By Shelby Fuchs, J.D. Class of 2022
Discussions of trauma and trauma responses are becoming more and more ordinary and more and more understood by lawyers and the legal profession. This is a fantastic step forward in empathy and understanding, both in the interpersonal and the professional contexts. Undeniably, many people have experienced events that cause trauma responses. In the Immigration Clinic, many of our clients are part of this group. Having a baseline understanding of the psychology of trauma has been enormously beneficial as a student in the Immigration Clinic because it has provided structure to my work while also centering the client’s experiences.
As someone with a psychology background, I was immensely excited for the presentation by Dr. Craig Cashwell from the William & Mary School of Education during a Clinic class session. Dr. Cashwell introduced the class to theories of trauma and how the body and brain respond to trauma, with the theme that trauma responses are a normal human response to a difficult event. One particularly helpful lesson was the concept of a window of tolerance. When someone has experienced trauma, their window of tolerance may narrow. This means that when something reminds them of the traumatic event—such as seeing someone who looks like their persecutor, being asked about the violence they suffered, or even smelling a cologne their abusive partner wore—this reminder will send them outside of their window of tolerance. And most importantly, individuals who have experienced trauma can often be stuck outside of their window of tolerance. When someone is outside of their window of tolerance, they can be “above” the window – stuck in “on-mode” – or “below” the window – stuck in “off-mode.” As Dr. Cashwell explained, those above the window are in a state of hyperarousal – they may feel anxious, hypervigilant, in a state of chronic pain, or restless, among other things. On the opposite end of the spectrum, those below their window are in a state of hypo-arousal. People may feel disoriented, disconnected, or chronically fatigued, among other things.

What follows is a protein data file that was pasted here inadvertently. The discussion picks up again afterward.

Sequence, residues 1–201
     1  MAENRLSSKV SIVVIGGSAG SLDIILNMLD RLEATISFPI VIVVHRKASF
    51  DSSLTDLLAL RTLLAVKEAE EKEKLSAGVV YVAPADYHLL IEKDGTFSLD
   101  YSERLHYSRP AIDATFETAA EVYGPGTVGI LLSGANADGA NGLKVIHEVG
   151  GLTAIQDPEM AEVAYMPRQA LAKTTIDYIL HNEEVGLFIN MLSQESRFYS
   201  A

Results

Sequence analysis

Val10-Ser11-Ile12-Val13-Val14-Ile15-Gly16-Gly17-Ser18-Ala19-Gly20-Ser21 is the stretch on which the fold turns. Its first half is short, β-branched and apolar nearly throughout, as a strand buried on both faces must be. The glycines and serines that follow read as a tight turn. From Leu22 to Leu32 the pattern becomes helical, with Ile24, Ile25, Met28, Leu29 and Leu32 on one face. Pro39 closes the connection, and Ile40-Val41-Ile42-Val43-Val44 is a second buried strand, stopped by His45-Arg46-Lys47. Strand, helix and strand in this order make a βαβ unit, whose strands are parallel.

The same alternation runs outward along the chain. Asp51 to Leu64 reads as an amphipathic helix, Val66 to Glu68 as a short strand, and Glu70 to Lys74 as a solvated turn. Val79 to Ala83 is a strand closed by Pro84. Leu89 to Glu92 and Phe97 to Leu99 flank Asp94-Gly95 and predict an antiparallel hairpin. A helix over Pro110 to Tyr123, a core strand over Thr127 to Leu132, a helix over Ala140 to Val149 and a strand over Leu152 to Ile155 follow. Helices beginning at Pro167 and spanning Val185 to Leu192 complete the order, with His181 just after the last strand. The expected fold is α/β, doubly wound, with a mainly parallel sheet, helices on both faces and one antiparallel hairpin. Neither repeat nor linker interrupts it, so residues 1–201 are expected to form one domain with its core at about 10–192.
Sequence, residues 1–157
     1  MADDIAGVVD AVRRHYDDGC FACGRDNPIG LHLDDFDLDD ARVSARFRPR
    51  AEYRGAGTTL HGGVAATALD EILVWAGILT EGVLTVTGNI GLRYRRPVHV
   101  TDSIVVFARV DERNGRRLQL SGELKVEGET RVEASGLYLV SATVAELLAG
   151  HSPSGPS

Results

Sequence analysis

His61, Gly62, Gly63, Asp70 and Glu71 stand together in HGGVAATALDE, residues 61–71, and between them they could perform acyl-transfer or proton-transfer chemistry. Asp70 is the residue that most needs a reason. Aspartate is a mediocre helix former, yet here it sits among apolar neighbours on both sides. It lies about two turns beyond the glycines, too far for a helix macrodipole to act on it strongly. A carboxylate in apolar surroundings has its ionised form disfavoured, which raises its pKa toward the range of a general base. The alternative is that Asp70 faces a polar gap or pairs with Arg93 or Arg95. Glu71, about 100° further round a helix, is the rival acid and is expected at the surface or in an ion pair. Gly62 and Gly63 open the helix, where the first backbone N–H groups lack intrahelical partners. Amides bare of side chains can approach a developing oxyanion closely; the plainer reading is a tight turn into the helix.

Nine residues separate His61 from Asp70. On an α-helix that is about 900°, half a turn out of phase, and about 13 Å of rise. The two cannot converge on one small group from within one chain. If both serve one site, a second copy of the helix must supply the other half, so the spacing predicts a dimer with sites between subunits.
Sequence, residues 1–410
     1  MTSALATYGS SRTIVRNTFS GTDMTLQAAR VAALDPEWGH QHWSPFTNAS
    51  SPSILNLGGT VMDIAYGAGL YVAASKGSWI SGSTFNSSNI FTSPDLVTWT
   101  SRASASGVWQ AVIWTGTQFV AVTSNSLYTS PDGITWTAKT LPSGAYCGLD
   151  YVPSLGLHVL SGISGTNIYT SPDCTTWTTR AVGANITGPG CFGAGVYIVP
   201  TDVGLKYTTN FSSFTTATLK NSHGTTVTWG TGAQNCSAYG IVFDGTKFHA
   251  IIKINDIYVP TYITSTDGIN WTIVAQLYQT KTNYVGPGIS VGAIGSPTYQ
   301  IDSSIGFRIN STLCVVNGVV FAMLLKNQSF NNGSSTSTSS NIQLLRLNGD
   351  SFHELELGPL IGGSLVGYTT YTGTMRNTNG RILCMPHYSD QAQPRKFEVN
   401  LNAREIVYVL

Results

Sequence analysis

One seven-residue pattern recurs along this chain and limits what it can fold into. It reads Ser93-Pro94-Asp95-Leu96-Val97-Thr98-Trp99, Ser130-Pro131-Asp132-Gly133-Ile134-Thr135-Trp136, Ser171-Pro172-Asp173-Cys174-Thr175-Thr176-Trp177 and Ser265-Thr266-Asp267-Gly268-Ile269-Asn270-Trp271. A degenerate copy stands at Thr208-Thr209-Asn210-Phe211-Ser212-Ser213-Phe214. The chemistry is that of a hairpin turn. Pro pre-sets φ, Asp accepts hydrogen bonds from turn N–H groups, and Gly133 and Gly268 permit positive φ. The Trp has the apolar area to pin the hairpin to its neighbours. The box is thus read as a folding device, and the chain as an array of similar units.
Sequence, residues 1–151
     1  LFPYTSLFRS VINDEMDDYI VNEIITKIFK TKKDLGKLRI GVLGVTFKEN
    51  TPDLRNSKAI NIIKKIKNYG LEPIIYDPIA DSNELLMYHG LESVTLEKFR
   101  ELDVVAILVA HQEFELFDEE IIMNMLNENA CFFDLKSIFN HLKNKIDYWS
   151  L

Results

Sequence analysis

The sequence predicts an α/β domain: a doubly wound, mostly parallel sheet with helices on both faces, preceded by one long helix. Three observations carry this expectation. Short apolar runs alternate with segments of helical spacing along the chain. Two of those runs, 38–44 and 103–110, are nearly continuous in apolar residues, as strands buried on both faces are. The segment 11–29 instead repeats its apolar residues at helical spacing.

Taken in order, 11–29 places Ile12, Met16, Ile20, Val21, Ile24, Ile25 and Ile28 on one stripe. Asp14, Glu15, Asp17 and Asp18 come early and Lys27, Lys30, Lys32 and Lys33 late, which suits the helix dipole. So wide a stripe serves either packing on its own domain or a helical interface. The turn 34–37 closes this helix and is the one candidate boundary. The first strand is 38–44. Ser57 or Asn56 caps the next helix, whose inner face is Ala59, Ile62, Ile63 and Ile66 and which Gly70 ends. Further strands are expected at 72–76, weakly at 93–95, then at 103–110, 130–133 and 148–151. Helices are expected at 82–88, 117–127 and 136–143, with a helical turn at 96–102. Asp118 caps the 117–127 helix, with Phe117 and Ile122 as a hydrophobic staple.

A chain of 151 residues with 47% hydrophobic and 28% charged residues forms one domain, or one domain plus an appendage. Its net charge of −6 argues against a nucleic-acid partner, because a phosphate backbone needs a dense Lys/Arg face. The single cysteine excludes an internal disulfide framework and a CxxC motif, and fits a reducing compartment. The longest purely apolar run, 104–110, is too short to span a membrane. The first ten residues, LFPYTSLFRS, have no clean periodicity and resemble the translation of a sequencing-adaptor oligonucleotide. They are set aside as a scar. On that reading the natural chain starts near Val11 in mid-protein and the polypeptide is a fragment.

What excited me the most about Dr. Cashwell’s discussion was the notion of applying these concepts to legal practice. Awareness and knowledge are a crucial first step, but it is the application that makes the difference. And it is clear that the Clinic truly strives to be trauma-informed.
These concepts are most crucial in the interview context. Nothing is more jarring to a client than starting an interview with the worst thing that happened to them. Instead, it is more beneficial for the client – and the student conducting the interview – to start slowly, set the scene, and build-up to the incident that is the center of the case. But just as it is jarring to start with the traumatic event, ending with the event is equally disconcerting. Easing out of the event is just as important as easing in to the event from an interviewing perspective.
From a practical perspective, these concepts provide necessary structure to a wide-ranging interview. But they also facilitate the conversation. Asking questions about a difficult event my client experienced was something I was nervous about when preparing for my interview; but, it was much easier to ask those questions after my client and I had established some rapport and gone through other topics together.
Being trauma-informed is not something that you are – trauma is not static and neither are our clients – instead, being trauma-informed is a process and something to constantly strive towards. To me, trauma informed advocacy is an ongoing effort and something that changes with each client. As someone who entered the legal field because it is a helping profession having this knowledge is indispensable. Applying these concepts in a supportive environment has been an incredible learning experience and something I will carry with me into my career.